Facebook: Are you old enough ?

I am currently leading a team at my school that is working on implementing the eSMart accrediation program that has been developed by the Allanah and Madeline Foundation and supported by the Victorian Department of Education and Early Childhood Development. 

Underataking this process has made me consider, question and reflect on how we use ICT in our daily lives and the many issues surrounding its use; particularly within an educational setting.

Over the coming weeks, I aim to share some of these issues and thoughts with you and that you will share your thoughts, practices and experiences.

As I’ve gone about researching information for the development of our school polcies for eSmart, I was clicking my way through the eSmart Portal and the DEECD Learning OnLine site, I came across some details regarding Facebook. I was interetsed and wanted to know more as this has caused some issues in the past. As I work in a primary school, details regarding children under the age of 13 who have Facebook accounts took my interest.

Facebook requires individuals to be at least 13 years old before they can create an account. In some jurisdictions, the age limit may be higher. Providing false information to create an account is always a violation of our Statement of Rights and Responsibilities.This includes accounts registered on the behalf of under 13 year old children by older parties.

If your underage child (child under the age of 13) has created an account on Facebook, you can show them how to delete their account by having them log into their account and following this link.

If you would like to report an account registered for an underage child to us, please do so here. We will promptly delete the account of any child under the age of 13 that is reported to us through this form.

Does this then mean that we as teachers as part of our Duty of Care are required to report such violations ?

A school also has a Duty of Care responsibility to identify known and foreseeable risks to students and to take reasonable steps to minimise these risks and to support students in their care. This includes online and digital environments, particularly those that are created and/or owned by the school and its teaching staff.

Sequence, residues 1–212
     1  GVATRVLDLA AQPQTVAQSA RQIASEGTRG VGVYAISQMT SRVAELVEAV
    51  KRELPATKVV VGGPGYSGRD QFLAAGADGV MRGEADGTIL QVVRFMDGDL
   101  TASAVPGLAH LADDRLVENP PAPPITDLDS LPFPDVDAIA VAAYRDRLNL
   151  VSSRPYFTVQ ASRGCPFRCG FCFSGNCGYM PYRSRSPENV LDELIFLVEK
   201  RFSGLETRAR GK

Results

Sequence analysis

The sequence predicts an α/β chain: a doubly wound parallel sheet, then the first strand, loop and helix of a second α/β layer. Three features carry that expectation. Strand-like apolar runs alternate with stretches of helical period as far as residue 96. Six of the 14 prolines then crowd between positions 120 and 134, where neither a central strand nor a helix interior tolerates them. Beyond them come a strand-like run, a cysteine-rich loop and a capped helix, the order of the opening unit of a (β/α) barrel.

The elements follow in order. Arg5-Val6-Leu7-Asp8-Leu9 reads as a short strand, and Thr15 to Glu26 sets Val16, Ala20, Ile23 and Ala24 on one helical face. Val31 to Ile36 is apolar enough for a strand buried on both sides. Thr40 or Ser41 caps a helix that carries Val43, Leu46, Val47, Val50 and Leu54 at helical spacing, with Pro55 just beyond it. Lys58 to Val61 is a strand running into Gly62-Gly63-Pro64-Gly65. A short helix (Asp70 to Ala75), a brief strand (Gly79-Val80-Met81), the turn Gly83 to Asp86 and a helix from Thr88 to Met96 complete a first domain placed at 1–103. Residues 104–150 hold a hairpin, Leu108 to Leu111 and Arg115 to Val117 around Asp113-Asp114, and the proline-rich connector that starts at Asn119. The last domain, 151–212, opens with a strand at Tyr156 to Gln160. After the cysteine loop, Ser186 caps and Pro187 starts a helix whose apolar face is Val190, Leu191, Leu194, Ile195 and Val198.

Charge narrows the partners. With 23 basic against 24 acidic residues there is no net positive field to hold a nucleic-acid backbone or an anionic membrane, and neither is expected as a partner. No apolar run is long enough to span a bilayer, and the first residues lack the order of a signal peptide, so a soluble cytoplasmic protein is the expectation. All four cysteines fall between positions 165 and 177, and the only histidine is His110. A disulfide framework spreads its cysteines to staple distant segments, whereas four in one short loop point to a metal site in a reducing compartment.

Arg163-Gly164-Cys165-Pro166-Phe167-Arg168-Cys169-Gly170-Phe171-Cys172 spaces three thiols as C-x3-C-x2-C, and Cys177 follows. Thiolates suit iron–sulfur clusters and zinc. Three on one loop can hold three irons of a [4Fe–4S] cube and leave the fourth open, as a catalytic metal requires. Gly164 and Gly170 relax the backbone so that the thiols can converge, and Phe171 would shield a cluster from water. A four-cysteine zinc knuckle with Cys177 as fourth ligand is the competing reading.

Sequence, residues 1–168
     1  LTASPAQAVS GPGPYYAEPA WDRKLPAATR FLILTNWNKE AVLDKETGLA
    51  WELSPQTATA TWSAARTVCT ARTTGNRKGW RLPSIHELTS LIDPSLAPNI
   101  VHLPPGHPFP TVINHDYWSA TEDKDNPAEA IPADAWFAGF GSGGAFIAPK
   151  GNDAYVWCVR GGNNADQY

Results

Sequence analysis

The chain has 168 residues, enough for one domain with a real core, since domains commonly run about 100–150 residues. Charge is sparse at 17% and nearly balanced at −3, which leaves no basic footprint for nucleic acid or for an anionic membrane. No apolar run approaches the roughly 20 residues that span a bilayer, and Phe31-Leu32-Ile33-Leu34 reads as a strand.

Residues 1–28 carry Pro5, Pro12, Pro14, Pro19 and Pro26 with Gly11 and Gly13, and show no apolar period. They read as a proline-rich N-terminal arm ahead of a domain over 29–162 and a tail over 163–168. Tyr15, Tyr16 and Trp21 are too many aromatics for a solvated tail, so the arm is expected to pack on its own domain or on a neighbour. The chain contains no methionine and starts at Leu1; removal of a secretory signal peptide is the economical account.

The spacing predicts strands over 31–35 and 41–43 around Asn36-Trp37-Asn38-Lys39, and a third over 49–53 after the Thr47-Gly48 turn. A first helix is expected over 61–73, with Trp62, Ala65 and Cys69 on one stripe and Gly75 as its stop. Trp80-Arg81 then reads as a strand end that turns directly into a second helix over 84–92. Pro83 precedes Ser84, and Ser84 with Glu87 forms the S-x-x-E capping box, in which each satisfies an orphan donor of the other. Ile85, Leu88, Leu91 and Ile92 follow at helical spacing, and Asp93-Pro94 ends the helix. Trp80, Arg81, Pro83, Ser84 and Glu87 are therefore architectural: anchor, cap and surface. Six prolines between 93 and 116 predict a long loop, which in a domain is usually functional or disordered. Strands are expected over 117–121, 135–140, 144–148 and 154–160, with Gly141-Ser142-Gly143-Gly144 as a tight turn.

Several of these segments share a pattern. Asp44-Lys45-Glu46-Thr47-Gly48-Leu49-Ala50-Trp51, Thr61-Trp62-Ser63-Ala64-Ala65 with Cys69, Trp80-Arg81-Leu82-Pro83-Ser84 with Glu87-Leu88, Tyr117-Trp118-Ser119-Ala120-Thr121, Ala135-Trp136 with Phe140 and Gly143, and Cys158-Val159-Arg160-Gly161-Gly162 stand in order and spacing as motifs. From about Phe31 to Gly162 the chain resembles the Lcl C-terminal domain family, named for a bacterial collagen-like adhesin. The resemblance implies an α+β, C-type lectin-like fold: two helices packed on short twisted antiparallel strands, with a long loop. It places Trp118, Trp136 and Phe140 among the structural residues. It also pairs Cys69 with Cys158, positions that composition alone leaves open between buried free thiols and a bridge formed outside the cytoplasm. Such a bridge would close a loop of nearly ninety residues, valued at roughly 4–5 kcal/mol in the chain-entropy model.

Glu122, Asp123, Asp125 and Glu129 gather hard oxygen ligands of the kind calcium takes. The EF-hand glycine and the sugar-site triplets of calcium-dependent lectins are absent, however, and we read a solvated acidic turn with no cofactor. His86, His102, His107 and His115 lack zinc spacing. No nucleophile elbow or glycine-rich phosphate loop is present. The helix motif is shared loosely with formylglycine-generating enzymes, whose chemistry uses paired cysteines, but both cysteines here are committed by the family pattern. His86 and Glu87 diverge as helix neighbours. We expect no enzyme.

In the past, I have made sure that I am very clear when speaking to students about Facebook that the school does not promote it use and encourages the use of other online tools such as the Ultranet, Global2 blogs or SuperClubsPlus to connect and communicate with students and other staff.

However, on the flip side of this, I am well aware that our students use these tools and\or will make use of them once they leave primary school. In the past I have even discussed with senior students ways they can better secure their Facebook accounts with the aim of arming them information to protect their privacy and strategies for dealing with unwanted online beheaviours.


What are your thoughts ?

Does your school have a policy\procedure regarding this ?

Have you had an experience reporting a under-age Facebook user ?

Image by birgerking. Used under a Creative Commons licence.


1 thought on “Facebook: Are you old enough ?

  1. Mrs Kathleen Morris

    Hi Scott,

    This is a really timely post as I attended a cyber safety PD last night. It was run by cyber safety expert and former police officer, Susan McLean.

    She made it very clear that students under 13 should not be on Facebook and if we know that they are then we should be reporting them (by following the links you mentioned).

    Like you, I have never promoted my students being on Facebook. I have never befriended them but I have also never told them to get off or thought about reporting them. All I’ve every really done is reminded them that there is a 13+ age limit and they really shouldn’t be on.

    Like you, I’ve tried to steer my students towards more supervised environments to connect and communicate online.

    I really don’t know what to do now. Like you suggested, we may in fact be breaching our duty of care if we don’t report students but with the way Facebook use is growing I think we’d forever be chasing our tail trying to do this!

    I’d love to hear others’ thoughts on this.

    On another note, I have noticed many of my grade 4 students are getting into Instagram – another 13+ tool.

    Thanks for a great post,

    Kath Morris


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